AB: In the eighties and nineties, the focus was more on decision support systems to make better informed decisions from structured data in relational databases and mainframe systems. The emphasis was more on computing quicker and less on the analysis of data. TrendsIn more recent years, the shift has been more towards analysis from not only structured, but unstructured text, audio, and video data. The revival of machine learning techniques from artificial intelligence days, the application of cognitive computing, along with advances in natural language and speech processing, massively parallel computing environments, analyzing large amounts of generated data, more and more personalized and prescriptive analytics, coupled with deep focused knowledge of business domain problems is where I believe the expectations from data science are heading.

AR: Q8. What key qualities do you look for when interviewing for Data Science related positions on your team?

AB: To me, a person’s attitude, willingness to learn, and analytical techniques used to improve one’s learning are pretty important to look for in a candidate. In today’s world, Key Qualities Soughthaving a diverse group of individuals from a multi-disciplinary field brings balance and perspective to solving business problems by a data science team. The science of problem solving (the “HOW”), art of storytelling from what the numbers and visualization are trying to tell you, the perpetual intellectual curiosity of asking the “WHY” behind the “WHAT”, listening to needs of business etc. are some examples of qualities I constantly try to gauge, when interviewing for data science positions in my team.

AR: Q9. Based on your experience of Analytics field from industry as well as academia perspective, what do you believe should be the focus areas of Analytics education in universities in order to prepare students for the real-life Analytics projects?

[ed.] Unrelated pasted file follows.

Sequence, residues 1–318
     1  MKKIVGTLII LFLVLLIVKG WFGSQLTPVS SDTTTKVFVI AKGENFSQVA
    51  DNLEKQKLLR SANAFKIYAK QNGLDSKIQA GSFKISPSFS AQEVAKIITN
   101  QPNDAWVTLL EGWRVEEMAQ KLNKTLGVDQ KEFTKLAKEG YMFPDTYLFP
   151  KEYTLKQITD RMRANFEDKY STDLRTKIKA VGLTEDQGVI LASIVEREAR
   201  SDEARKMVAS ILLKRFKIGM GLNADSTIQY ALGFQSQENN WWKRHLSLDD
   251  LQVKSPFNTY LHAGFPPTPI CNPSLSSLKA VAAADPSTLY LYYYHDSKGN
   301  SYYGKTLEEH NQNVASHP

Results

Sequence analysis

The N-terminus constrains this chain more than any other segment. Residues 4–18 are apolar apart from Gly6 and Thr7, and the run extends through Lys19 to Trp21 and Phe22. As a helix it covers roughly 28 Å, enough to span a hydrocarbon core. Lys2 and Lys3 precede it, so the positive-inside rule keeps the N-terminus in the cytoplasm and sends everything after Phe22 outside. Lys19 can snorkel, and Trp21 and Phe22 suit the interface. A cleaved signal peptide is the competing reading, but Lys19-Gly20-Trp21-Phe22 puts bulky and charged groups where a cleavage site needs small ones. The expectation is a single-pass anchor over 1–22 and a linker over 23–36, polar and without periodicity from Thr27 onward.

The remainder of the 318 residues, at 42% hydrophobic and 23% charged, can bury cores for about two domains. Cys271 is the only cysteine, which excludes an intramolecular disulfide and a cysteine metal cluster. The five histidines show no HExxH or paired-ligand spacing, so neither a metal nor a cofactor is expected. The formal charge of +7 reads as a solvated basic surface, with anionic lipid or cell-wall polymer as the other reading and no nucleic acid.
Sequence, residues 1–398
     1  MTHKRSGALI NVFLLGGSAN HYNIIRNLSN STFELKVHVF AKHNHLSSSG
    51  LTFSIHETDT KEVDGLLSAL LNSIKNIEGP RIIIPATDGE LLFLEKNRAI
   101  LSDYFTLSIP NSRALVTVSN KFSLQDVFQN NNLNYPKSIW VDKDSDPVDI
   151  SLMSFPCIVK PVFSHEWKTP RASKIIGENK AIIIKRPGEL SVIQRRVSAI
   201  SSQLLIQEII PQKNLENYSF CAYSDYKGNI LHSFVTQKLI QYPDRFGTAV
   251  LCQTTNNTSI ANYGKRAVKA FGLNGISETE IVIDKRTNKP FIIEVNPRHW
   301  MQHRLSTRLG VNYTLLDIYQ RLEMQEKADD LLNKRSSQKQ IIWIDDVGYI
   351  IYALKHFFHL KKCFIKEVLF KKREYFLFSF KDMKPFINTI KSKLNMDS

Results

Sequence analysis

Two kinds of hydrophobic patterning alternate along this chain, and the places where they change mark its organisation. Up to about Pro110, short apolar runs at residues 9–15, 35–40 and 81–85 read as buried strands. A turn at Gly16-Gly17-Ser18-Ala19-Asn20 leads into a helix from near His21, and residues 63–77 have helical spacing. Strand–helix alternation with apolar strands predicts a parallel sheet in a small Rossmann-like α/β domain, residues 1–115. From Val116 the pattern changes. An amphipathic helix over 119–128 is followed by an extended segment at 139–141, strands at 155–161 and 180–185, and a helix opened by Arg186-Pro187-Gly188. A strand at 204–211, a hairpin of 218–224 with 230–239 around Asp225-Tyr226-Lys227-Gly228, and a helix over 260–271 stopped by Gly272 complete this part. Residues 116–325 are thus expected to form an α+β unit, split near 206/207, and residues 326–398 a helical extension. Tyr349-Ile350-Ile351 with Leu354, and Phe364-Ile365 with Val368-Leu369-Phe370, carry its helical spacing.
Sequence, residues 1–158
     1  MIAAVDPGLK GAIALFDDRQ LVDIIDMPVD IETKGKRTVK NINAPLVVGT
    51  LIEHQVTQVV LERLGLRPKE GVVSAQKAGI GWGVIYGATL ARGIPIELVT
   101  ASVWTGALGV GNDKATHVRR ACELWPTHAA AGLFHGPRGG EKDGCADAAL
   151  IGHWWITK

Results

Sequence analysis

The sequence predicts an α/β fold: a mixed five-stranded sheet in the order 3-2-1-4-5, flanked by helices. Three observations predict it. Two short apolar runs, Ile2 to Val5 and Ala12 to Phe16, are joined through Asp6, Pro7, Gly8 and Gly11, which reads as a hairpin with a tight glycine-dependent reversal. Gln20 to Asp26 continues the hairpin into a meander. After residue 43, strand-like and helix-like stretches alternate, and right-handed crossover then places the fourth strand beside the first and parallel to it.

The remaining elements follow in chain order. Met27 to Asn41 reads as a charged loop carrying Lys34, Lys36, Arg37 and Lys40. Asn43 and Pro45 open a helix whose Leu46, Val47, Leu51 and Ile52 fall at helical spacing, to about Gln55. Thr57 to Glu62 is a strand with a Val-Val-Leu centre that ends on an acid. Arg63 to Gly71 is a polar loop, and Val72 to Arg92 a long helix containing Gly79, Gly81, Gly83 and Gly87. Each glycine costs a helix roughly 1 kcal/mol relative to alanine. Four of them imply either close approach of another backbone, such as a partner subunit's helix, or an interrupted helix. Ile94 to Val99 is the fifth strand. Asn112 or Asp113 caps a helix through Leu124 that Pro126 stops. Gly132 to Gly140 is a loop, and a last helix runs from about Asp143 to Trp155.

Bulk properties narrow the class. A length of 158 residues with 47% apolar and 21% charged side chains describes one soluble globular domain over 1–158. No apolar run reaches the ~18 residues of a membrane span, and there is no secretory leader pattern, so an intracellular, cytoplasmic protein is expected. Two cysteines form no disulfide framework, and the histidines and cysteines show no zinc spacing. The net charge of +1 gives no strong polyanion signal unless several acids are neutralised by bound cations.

LearningAB: There are quite a few skills that need to come together for real-life analytics initiatives, not all of which will be present in any one person. There are numerous graduate level programs that have started in various universities over the last five years or so, to try and fill the enormous gap between low supply and high demand for analytics professionals worldwide.

I believe that a 2-year graduate program that not only dives into data management, applied statistical and machine learning techniques, practicum with real world industry data, but also has some elective courses that are industry domain specific added to the mix, is required to prepare students for real world customer issues. A real symbiotic, partnership (to create a pipeline) between academia and industry is absolutely essential.

In addition, introducing concepts and career options, and spotting and grooming such talents as early as high school level, is a must for any company, industry, or for that matter, country to maintain a competitive edge.

AR: Q10. What is the best advice you have got in your career?

AB: I once read somewhere:
“Pursue and excel in what you love, and get someone else to pay you for it” :-)

Calculus BookAR: Q11. What was the last book that you read and liked? What do you like to do when you are not working?

AB: I recently read “Calculus – Early Transcendentals” by James Stewart. It explains calculus from multiple angles. Feel like taking calculus all over again from the eyes of this textbook.

When I am not working, I like to travel with my family and meet folks from different cultures, and when possible, watch some college football and international tennis.